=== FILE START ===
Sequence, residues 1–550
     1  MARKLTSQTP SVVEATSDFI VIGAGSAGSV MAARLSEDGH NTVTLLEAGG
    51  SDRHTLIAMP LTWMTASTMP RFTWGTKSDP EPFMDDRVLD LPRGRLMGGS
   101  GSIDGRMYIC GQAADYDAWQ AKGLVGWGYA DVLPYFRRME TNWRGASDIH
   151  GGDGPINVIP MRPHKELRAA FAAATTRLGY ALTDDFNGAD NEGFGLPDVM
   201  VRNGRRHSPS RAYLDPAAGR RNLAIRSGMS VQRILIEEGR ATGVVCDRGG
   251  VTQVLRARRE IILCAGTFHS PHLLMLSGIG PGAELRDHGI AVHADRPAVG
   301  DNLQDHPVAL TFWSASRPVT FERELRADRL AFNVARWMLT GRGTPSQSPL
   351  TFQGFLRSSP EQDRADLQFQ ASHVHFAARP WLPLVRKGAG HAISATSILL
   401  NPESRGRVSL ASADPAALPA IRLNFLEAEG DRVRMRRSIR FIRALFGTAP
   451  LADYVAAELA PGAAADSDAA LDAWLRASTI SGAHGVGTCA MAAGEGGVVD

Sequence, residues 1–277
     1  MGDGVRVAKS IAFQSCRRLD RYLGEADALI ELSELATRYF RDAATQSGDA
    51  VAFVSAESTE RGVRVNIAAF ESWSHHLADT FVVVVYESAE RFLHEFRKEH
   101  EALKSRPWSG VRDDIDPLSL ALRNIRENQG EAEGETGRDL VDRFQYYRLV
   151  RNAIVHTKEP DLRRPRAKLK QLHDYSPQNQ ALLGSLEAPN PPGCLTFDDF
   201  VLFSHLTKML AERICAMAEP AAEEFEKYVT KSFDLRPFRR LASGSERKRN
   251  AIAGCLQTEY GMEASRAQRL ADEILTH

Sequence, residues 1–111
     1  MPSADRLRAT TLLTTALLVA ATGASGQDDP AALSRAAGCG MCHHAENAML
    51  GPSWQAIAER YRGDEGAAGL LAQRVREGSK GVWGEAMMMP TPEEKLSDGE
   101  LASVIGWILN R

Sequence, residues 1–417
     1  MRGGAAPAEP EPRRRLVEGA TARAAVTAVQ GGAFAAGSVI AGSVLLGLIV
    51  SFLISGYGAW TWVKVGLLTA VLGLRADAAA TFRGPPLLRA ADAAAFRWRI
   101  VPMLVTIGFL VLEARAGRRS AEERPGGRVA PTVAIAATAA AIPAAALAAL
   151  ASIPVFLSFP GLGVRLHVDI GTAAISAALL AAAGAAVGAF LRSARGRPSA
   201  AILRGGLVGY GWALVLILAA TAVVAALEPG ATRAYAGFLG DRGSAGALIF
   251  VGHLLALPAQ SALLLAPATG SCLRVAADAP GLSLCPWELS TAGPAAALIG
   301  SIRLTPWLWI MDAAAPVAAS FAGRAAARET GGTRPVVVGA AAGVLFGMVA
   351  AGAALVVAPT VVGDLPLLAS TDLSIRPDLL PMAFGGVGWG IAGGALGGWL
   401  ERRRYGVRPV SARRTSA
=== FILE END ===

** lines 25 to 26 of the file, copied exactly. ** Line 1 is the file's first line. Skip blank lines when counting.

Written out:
    51  SFLISGYGAW TWVKVGLLTA VLGLRADAAA TFRGPPLLRA ADAAAFRWRI
   101  VPMLVTIGFL VLEARAGRRS AEERPGGRVA PTVAIAATAA AIPAAALAAL